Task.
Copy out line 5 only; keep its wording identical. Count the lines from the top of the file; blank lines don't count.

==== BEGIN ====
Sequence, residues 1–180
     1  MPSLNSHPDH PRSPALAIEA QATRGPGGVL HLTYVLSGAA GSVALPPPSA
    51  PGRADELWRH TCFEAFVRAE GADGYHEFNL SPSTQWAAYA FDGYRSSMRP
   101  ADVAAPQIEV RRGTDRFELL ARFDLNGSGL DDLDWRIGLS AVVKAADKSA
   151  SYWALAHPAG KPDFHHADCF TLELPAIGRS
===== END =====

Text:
   151  SYWALAHPAG KPDFHHADCF TLELPAIGRS